And many an ancient apple-tree Now far ahead the Argive could she see,

Within the orchard could he see, And in her garment's hem one hand she While the smooth millwalls white and black wound

Shook to the great wheel's measur'd clack,



And grumble of the gear within ;

Who hoard their moments of felicity, While o'er the roof that dull’d that din As misers hoard the medals that they The doves sat crooning half the day,

tell, And round the half-cut stack of hay Lest on the earth but paupers they should The sparrows flutter'd twittering.

dwell : There smiling stay'd the joyous king, “We hide our love to bless another day ; And since the autumn noon was hot

The world is hard, youth passes quick,” Thought good anigh that pleasant spot

they say. To dine that day, and therewith sent To tell the miller his intent:

Ah, little ones, but if ye could forget Who held the stirrup of the king,

Amidst your outpour'd love that you must Bareheaded, joyful at the thing,

die, While from his horse he lit adown,

Then ye, my servants, were death's conThen led him o'er an elm-beam brown,

querors yet, New cut in February tide,

And love to you should be eternity That cross'd the stream from side to side ; How quick soever might the days go by : So underneath the apple trees

Yes, ye are made immortal on the day The king sat careless, well at ease,

Ye cease the dusty grains of time to And ate and drank right merrily.

weigh. To whom the miller drew anigh Among the courtiers, bringing there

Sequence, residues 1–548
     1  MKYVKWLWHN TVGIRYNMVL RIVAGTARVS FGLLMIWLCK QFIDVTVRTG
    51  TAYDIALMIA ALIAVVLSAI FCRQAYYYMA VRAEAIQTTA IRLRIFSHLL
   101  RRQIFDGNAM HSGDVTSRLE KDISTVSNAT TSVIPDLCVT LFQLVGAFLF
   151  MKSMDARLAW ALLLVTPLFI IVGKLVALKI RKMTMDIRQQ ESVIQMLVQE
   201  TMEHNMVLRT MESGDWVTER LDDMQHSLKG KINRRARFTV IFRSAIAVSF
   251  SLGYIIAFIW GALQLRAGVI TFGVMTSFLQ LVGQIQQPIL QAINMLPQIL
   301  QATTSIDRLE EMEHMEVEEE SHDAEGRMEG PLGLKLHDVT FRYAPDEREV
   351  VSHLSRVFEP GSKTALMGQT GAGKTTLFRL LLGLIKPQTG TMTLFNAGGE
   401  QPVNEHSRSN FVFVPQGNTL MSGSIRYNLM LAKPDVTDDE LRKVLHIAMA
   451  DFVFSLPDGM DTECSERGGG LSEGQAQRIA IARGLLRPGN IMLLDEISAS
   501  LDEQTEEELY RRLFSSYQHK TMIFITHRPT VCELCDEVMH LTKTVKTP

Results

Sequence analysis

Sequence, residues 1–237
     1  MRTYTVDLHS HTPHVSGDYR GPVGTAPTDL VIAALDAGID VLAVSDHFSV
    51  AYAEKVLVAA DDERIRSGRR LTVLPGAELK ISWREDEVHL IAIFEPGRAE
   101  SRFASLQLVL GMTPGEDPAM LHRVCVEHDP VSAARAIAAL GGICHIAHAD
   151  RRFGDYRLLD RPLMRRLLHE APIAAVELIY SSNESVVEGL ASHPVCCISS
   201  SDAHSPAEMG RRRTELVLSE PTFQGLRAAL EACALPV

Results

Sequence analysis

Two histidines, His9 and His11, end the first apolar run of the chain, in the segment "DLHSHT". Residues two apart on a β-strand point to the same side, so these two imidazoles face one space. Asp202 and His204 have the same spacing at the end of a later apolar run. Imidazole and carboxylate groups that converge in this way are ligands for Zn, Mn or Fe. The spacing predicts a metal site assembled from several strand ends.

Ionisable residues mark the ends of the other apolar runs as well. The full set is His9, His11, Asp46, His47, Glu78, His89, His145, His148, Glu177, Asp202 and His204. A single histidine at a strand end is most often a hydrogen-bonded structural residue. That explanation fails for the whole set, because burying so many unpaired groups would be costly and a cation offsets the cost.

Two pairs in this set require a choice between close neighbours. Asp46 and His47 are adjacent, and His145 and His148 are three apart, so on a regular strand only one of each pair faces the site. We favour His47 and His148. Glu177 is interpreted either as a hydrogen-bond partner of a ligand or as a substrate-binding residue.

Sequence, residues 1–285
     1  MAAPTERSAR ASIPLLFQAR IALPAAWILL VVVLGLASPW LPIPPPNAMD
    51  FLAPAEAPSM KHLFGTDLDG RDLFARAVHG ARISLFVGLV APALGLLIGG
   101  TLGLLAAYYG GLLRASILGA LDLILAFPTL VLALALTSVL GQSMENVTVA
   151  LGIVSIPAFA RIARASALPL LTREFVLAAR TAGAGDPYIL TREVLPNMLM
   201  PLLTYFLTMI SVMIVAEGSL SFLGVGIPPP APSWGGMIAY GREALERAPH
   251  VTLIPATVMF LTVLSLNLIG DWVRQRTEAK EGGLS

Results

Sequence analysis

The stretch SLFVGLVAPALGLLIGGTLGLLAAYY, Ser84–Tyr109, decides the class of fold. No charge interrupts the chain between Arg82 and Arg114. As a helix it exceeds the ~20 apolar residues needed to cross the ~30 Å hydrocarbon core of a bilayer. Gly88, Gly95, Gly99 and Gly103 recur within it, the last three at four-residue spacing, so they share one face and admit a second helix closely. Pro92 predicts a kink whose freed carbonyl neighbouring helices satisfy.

Thou hearkenest, love? O, make no Such as he could of country fare,

semblance then Green yellowing plums from off his wall, Thou art beloved, but as thy wont is Wasp-bitten pears, the first to fall

Turn thy gray eyes away from eyes of From off the wavering spire-like tree,

men, Junkets, and cream and fresh honey. With hands down-dropp’d, that tremble

with thy bliss, SONG : TO PSYCHE

With hidden eyes, take thy first lover's

kiss ; O PENSIVE, tender maid, downcast and shy, Call this eternity which is to-day, Who turnest pale e'en at the name of Nor dream that this our love can pass love,

And with fush'd face must pass the elm-
tree by

Asham'd to hear the passionate gray dove
Moan to his mate, thee too the god sball Across the sea a land there is,

Where, if fate will, men may have bliss, Thee too the maidens shall ungird one For it is fair as any land : day,

There hath the reaper a full hand, And with thy girdle put thy shame away. While in the orchard hangs aloft

The purple fig, a-growing soft ; What then, and shall white winter ne'er And fair the trellis'd vine-bunches be done

Are swung across the high elm-trees; Because the glittering frosty morn is fair ? And in the rivers great fish play, Because against the early-setting sun

While over them pass day by day Bright show the gilded boughs though The laden barges to their place. waste and bare ?

There maids are straight, and fair of face, Because the robin singeth free from care ? And men are stout for husbandry, Ah! these are memories of a better day And all is well as it can be When on earth's face the lips of summer Upon this earth where all has end. lay.

For on them God is pleas'd to send

The gift of Death down from above, Come then, beloved one, for such as thee That envy, hatred, and hot love, Love loveth, and their hearts he knoweth Knowledge with hunger by his side, well,

And avarice and deadly pride,